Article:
Neoplastic meningitis

A study from a Tertiary Care Hospital from coastal India

Research output: Contribution to journalArticle

Abstract

Introduction: Neoplastic involvement of cerebrospinal fluid (CSF) secondary to known or unknown primaries elsewhere is a poor prognostic factor and is equivalent to stage IV disease. Aim: The aim of the study is to analyse the cytological features of neoplastic meningitis in a tertiary care center. Materials and Methods: A retrospective study of 400 consecutive CSF samples was done in the cytology laboratory of our hospital. The fluid obtained by spinal tap was sent for microbiological, biochemical and cytological evaluation. Smears that showed the presence of malignant cells were included in this study. Results: Out of 400 cases, 36 (9%) showed neoplastic meningitis. Of which, 13 cases (36%) revealed leukemic infiltration, 2 (6%) lymphomatous infiltration and 21 (58%) carcinomatous meningitis. The leukemia cases included seven cases of acute lymphoblastic leukemia and six cases of acute myeloid leukemia. Among the carcinomatous meningitis cases, eight were metastasis from carcinoma breast, six from lung carcinoma and one each from malignancies of gallbladder, stomach and retinoblastoma. Four cases were metastatic adenocarcinoma from unknown primary. Pleocytosis was a significant finding seen in 58% cases (n = 21). Elevated protein and hypoglychorrhachia was noted in 68% cases (n = 18). Conclusion: A combined diagnostic approach including biochemical, microbiological and pathological evaluation was useful in eliminating infectious meningitis and confirming neoplastic meningitis in these cases. Cytology should be performed on cerebrospinal specimens from all patients with known or suspected malignancy with meningismus. Detection of malignant cells on cytological examination of CSF is the diagnostic gold standard for neoplastic meningitis.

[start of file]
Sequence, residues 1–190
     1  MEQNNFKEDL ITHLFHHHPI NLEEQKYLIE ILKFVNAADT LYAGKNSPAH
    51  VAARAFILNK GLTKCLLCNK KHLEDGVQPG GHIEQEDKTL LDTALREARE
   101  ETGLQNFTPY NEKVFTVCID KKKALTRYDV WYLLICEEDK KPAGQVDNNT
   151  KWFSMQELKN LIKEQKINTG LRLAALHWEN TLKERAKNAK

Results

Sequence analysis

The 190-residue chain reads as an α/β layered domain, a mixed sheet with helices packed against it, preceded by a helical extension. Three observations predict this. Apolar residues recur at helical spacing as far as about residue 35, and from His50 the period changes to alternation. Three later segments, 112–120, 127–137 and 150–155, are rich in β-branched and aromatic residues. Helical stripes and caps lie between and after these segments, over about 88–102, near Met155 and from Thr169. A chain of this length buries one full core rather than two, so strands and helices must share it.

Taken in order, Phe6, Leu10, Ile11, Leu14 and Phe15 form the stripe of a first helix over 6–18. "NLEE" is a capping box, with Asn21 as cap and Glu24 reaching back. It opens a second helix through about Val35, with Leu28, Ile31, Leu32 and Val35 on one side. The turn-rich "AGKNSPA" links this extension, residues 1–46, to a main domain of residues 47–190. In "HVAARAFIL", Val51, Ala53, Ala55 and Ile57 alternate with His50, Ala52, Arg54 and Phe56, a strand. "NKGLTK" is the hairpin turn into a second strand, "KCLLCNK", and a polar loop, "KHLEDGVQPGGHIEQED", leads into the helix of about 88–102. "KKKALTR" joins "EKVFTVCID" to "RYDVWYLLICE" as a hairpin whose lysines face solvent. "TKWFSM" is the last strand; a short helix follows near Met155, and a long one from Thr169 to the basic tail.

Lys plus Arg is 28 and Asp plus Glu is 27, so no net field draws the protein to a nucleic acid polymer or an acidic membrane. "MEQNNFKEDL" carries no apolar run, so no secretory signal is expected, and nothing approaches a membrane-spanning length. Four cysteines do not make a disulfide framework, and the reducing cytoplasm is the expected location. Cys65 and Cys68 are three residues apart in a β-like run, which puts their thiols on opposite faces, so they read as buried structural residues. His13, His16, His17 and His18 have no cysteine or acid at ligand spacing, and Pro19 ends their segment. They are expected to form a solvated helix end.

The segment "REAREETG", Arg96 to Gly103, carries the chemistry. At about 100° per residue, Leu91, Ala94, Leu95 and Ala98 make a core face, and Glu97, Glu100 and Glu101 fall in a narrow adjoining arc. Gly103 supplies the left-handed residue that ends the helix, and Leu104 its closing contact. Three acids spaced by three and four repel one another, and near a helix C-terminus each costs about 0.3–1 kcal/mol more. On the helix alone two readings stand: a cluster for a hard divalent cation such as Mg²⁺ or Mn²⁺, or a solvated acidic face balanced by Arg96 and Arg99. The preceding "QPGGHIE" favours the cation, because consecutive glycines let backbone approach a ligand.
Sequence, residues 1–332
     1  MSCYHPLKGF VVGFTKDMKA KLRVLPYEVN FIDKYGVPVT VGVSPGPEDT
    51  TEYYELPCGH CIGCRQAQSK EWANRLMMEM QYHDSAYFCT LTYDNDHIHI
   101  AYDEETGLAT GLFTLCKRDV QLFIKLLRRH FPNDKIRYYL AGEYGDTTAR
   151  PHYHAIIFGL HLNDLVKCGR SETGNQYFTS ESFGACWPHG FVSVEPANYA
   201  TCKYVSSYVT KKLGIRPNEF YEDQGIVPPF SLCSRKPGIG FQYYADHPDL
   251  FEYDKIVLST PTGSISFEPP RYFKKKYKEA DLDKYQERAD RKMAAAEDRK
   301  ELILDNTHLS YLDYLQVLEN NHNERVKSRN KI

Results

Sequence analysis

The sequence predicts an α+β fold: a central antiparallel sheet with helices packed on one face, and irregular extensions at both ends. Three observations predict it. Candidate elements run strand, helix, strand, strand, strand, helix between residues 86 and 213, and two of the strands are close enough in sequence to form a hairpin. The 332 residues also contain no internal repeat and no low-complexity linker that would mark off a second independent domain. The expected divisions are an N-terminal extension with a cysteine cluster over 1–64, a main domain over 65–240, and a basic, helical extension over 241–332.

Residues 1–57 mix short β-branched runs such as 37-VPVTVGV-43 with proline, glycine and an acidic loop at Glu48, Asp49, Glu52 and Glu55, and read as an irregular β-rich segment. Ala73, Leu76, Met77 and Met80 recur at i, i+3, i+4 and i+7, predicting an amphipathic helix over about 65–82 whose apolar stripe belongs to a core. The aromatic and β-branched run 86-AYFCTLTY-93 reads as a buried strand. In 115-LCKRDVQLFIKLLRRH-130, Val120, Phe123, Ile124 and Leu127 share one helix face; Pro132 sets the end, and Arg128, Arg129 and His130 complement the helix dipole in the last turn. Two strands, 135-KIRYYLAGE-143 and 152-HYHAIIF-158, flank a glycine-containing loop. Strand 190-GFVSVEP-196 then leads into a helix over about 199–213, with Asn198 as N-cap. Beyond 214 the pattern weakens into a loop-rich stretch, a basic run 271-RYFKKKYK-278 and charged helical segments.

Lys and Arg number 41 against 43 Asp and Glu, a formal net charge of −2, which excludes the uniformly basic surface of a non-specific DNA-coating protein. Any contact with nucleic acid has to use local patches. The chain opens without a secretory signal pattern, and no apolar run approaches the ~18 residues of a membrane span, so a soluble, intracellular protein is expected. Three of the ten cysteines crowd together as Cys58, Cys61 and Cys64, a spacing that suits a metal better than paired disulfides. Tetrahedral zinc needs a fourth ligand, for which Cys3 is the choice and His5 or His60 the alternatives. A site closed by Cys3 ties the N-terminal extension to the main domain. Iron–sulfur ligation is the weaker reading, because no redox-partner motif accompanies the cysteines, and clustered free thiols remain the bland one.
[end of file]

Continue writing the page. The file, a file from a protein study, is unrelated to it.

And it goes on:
Original languageEnglish
Pages (from-to)255-259
Number of pages5
JournalJournal of Cytology
Volume35
Issue number4
DOIs
Publication statusPublished - 01-10-2018

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Tertiary Healthcare